Aurora Ice Museum at Chena Hot Springs Resort houses glittering ice sculptures and with a super-cooling system that keeps the room frozen year-round. Sculpted by a master carving team comprised of Steve and Heather Brice, the sculptures are continually maintained and updated. Highlights of the trip include the ice bar and the ice martini glasses, hand-carved fresh daily. The Aurora Ice Museum is at the Chena Hot Springs Resort, an hour’s drive from Fairbanks.
The small town Nenana lies about an hour’s drive south of Fairbanks on the Parks Highway and is home to the Nenana Ice Classic, an annual guessing contest that attracts locals to wager on the time the ice will break up. A black-and-white tripod is erected on the river ice each year in early March and tickets go on sale to guess the date and time of the tripod falling into the melted river, an Alaskan tradition since 1917. This is just one of several events held in Nenana where fireworks are displayed. Visit Nenana any time of year and see the 700-foot bridge over the Nenana River, have a burger at the Monderosa, or explore the shore and enjoy a picnic on the river. Nenana is an hour away and an easy place to take a day trip from Fairbanks.
At mile 39 of the Steese Highway lies Upper Chatanika River State Recreation Site, an access point for the small, clear Chatanika River. A forty-minute drive from downtown Fairbanks, head out the highway to find clear skies and the cold, fresh river flowing over smooth river rocks. The parking leads to a gravel bar for camping, relaxing, dipping in the cold river, and taking off in canoes. The Chatanika River hosts a limited spearfishing event each fall that draws many locals to fish. Chatanika is a peaceful and wild river area to enjoy any time of year.
Dog mushing is popular in Fairbanks as the climate conditions are perfect for long, snowy winters to run dogs on the miles of well-conditioned trails. Several of the kennels in the area offer dog mushing excursions to spend a day in the forest mushing the trail. Meet the dogs, learn about the sport of dog mushing, gear up for the temperatures, head out on a dog sled with a musher, and cruise through the winter wonderland as an experienced dog-team takes you through a run. The area around Fairbanks has several kennels to choose from for an unforgettable dog mushing experience.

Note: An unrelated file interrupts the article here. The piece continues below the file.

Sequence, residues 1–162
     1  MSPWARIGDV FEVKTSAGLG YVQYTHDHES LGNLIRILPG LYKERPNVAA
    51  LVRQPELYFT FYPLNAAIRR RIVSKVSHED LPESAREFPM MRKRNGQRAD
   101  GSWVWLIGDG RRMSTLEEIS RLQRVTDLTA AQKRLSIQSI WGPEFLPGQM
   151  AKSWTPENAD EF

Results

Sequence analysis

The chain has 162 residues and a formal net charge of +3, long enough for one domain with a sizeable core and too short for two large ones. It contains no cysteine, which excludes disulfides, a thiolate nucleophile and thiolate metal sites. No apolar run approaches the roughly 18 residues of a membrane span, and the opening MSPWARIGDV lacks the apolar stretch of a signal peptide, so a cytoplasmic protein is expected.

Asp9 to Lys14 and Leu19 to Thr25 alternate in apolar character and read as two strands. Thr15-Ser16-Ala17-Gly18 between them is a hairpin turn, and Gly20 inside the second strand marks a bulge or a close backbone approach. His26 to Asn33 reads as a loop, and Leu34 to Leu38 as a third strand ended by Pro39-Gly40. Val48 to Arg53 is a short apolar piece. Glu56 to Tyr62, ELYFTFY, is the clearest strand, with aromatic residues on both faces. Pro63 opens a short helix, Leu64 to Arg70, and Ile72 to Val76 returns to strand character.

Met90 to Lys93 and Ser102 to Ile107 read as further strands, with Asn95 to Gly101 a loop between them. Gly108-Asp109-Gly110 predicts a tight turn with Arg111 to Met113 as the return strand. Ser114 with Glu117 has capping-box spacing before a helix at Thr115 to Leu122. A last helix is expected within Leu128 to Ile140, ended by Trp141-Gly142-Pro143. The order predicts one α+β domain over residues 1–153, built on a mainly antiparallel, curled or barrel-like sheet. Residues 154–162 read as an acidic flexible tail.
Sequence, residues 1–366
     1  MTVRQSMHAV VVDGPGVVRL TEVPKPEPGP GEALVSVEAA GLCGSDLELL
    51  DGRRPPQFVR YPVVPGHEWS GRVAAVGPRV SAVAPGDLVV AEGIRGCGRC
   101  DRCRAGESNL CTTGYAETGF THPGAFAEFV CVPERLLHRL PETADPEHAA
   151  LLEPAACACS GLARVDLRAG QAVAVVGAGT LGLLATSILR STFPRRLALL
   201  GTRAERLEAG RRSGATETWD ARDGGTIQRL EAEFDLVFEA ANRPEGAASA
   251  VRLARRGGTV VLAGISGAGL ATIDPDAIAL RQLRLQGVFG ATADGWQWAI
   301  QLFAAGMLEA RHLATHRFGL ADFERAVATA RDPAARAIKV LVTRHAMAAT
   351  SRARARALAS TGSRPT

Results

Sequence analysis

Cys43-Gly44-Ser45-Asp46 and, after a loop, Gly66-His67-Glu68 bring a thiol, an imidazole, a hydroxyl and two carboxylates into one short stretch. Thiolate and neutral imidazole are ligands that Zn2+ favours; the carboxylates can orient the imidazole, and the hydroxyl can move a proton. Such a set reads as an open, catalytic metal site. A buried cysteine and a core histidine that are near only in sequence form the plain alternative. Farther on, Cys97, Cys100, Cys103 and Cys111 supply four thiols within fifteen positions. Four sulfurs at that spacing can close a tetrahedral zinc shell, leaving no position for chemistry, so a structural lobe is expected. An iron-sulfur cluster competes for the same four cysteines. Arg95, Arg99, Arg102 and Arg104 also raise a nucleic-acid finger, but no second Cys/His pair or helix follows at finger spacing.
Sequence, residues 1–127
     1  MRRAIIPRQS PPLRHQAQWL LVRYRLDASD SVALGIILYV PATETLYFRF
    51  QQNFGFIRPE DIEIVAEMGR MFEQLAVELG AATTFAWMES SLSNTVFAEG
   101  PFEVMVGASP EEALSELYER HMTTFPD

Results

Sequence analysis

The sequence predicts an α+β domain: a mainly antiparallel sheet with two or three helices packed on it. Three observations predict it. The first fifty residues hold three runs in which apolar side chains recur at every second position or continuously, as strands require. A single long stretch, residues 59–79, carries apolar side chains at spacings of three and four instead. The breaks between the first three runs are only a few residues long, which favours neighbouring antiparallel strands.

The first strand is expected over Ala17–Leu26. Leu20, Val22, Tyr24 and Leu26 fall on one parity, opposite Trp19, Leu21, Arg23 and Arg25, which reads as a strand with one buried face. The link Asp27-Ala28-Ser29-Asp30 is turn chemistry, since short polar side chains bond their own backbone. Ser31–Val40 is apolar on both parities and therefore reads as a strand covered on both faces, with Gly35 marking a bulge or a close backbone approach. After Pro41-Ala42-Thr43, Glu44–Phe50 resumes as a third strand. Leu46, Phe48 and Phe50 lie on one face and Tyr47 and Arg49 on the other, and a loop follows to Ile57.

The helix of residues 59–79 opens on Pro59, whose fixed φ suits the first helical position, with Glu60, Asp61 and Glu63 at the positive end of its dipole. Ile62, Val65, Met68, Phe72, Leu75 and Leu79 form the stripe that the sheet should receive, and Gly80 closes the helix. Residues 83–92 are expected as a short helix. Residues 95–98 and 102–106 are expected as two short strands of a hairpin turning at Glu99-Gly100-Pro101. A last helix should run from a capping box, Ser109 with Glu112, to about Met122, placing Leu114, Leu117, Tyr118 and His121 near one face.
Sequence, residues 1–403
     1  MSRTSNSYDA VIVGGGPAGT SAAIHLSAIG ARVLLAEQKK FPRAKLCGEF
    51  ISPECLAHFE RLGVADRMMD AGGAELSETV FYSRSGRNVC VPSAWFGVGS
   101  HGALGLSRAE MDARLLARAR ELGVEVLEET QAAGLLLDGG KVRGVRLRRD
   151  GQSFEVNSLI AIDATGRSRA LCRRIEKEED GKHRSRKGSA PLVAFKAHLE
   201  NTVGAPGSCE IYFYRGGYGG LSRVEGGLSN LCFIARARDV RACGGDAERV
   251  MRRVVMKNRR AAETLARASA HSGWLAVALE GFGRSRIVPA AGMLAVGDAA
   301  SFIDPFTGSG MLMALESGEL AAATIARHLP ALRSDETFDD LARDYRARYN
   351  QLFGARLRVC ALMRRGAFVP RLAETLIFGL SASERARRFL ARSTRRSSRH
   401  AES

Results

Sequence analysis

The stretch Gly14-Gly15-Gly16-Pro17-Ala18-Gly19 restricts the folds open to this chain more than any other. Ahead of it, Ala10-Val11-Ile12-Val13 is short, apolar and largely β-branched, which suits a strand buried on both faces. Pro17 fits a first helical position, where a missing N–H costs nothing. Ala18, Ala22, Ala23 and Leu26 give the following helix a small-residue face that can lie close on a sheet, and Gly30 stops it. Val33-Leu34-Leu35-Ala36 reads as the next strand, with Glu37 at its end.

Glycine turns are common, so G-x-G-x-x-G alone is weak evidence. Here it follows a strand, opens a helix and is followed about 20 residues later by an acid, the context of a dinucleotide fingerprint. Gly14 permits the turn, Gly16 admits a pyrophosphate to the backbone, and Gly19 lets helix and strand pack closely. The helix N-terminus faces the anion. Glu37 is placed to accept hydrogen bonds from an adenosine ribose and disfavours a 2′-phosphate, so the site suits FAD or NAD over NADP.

Fairbanks runs right along the Chena River and recreation on the water is a big part of summer Fairbanks fun. A rafting tour is a fun way to enjoy the Alaskan wilderness with a knowledgeable guide and proper safety gear. Either near the town on the Chena River or near Denali on the Nenana River, a full-day rafting adventure is a fun day trip from Fairbanks.
Head out of town into the hills gold, or at least a gold panning tour. There are several operations in the area offering day trips to learn about the Gold Rush days of the early 1900s and try gold panning. The Fairbanks area hosts a rich mining history with the mineral-rich hills still desired for their metallic content. Tours include gold mining history and descriptions of the equipment, demonstrations of how to use a gold pan, and the water and silt to try your hand at panning for gold in Alaska. With a visit to the pipeline and lunch, this can be a full-day trip from Fairbanks.
The old-fashioned stern-wheeler rolls up and down the Chena River in Fairbanks during the summer months. Ride the Riverboat Discovery and experience the Gold Rush Era transportation that was all the rage in the 1900s in Alaska. The scenic Chena River is lined with green forests and flowers along the shoreline. The easy ride up the Chena River to the Tanana River and back takes four hours and has a few scheduled stops along the way to experience Fairbanks culture.
Running Reindeer Ranch is a surprise hit in Fairbanks and is a wildly popular attraction with visitors. Spend a day at this reindeer ranch to learn about these arctic animals and meet a few up close. The tour includes walking a loop through the birch forest with a group of reindeer, watching them eat lichen on the ground they can sense through the snow. This intimate experience allows a true understanding of the reindeer and the environment they thrive in. At the end of the walk, feeding the reindeer and taking photos is a thrilling finale to the tour. Walking with reindeer at Running Reindeer Ranch is fun any time of year, and the surrounding Goldstream Valley is beautiful. Enjoy this popular day trip in Fairbanks.